In 1999, Annie wanted to be an elementary school teacher. She was seven years old, and her career path was clear. Elementary school, middle school, high school. And then on to college where she’d major in education, before going on to fill her days with pigtails and puppy love, multiplication tables and Muffy the class rabbit.
Or so she thought.
Annie — who prefers Anne these days — is a senior in college now, and she didn’t major in education, but in English literature instead. Somewhere along the way, she discovered that reading books, and talking about books, and writing about books satisfied her intellectual curiosity far more than things like human growth and development did. Her parents were wonderfully supportive, and they know she’ll do great things, but graduation is only a few months away, and Anne’s feeling unprepared for the “real world.”
College is great, but there are some things only experience will teach you.
1. You don’t have to work in the field you studied.
Anne will graduate with a Bachelor of Arts in English; people are going to automatically assume that she will go on to teach — but maybe not. A degree in English, one that equips graduates with exceptional writing and critical thinking skills, could qualify her for work in public relations, as a writer, in marketing, or even business administration. Think outside the box.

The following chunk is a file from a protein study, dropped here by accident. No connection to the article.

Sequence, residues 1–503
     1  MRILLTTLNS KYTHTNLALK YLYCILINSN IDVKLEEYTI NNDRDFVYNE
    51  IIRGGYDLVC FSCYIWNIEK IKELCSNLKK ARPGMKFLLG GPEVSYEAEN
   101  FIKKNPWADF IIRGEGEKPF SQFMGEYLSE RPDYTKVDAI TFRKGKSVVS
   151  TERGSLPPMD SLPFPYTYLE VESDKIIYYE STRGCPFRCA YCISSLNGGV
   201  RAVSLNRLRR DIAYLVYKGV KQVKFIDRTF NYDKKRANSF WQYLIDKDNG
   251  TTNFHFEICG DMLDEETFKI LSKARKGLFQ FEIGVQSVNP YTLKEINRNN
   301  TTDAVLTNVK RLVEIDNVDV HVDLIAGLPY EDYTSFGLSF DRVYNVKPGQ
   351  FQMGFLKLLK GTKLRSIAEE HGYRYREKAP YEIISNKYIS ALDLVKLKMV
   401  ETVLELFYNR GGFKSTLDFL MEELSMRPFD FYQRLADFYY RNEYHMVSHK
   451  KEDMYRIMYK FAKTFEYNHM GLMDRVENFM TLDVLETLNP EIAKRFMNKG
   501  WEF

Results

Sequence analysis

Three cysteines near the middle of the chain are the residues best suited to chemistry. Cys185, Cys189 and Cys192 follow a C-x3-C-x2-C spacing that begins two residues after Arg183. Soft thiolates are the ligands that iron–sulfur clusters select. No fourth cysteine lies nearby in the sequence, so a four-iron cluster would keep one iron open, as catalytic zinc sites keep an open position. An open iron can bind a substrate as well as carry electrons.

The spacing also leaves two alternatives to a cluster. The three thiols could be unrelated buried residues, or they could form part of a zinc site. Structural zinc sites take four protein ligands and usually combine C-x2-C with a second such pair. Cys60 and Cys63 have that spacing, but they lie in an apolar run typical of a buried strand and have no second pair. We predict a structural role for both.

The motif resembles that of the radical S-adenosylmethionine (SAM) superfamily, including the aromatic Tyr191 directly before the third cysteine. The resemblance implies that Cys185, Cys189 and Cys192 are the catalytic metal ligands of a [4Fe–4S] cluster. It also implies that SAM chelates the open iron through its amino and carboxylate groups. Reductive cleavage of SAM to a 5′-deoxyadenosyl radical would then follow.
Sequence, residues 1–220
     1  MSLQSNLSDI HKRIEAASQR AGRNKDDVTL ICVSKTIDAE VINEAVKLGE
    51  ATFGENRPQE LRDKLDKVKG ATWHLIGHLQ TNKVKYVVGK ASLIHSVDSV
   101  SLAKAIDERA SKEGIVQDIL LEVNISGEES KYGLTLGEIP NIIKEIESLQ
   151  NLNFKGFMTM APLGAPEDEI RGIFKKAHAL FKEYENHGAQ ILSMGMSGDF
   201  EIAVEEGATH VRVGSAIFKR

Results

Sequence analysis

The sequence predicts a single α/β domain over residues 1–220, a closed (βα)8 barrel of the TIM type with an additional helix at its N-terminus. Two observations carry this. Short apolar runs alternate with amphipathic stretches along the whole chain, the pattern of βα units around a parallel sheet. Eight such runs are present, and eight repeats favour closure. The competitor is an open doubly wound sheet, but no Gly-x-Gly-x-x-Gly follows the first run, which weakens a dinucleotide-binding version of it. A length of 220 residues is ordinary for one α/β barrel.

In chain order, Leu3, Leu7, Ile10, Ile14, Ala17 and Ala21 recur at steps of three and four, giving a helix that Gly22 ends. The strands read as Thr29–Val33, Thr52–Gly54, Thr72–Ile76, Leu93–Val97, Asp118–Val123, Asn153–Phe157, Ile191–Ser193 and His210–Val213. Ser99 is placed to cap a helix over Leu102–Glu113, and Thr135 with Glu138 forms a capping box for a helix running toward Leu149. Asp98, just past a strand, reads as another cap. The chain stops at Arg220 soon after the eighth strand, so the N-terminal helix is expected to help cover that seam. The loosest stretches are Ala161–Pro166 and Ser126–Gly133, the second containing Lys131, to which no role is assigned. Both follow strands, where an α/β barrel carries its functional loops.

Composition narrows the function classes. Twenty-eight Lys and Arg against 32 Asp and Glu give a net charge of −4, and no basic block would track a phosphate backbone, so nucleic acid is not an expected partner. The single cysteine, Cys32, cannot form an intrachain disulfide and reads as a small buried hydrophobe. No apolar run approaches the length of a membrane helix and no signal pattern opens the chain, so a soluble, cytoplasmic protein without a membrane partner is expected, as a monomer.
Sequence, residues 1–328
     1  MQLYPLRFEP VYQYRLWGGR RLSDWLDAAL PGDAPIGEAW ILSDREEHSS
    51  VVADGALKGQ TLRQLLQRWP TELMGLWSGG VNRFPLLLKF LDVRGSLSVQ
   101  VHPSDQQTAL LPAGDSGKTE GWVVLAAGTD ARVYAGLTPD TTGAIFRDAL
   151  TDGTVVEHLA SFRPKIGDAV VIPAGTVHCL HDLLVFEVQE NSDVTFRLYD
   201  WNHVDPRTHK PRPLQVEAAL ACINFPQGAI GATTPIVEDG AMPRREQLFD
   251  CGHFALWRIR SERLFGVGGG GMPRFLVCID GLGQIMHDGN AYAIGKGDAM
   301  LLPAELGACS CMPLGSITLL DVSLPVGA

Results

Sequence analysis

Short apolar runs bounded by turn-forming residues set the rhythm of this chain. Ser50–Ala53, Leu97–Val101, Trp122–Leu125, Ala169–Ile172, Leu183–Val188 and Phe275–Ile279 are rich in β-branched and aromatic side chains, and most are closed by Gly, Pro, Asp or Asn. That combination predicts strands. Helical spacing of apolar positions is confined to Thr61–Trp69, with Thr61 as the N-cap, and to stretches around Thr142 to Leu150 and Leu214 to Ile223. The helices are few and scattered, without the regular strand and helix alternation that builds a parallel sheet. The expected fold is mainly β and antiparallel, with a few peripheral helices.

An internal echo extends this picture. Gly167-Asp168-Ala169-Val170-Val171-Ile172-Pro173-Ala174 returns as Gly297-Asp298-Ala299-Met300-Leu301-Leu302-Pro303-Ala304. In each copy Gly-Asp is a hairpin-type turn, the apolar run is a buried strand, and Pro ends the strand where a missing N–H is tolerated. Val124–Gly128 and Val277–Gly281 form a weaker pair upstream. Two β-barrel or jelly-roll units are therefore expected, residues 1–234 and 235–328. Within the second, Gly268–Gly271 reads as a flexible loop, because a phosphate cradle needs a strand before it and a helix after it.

2. Social media matters.
A detailed LinkedIn profile that lists the clubs and professional organizations you belonged to in college, and details the duties you carried out during your internship year will impress future employers. But there’s a flip side: That same prospective employer might gather a negative impression of Anne when he sees albums filled with drunken bar crawl photos.
3. But grades don’t.
The hiring manager looking to fill an entry-level job probably has dozens of resumes to sort through, the chances that he will ask to see your college transcript are pretty slim. That doesn’t mean it’s okay to party all the time, or to only go to class half the time, but at the end of the day, your boss isn’t going to care about your A in British Lit 2, and he’s not going to care about your D in Spanish 4.
4. Network, network, network.
Your favorite professor might be willing to serve as a professional reference; ask her. Anne did, and she landed a great job in Washington, DC because of it. She doesn’t know very many people there yet, so she took it upon herself to find a small, organized group of alumni from her sorority — what luck! It’s great to have friends, and even better to stay connected with like minds.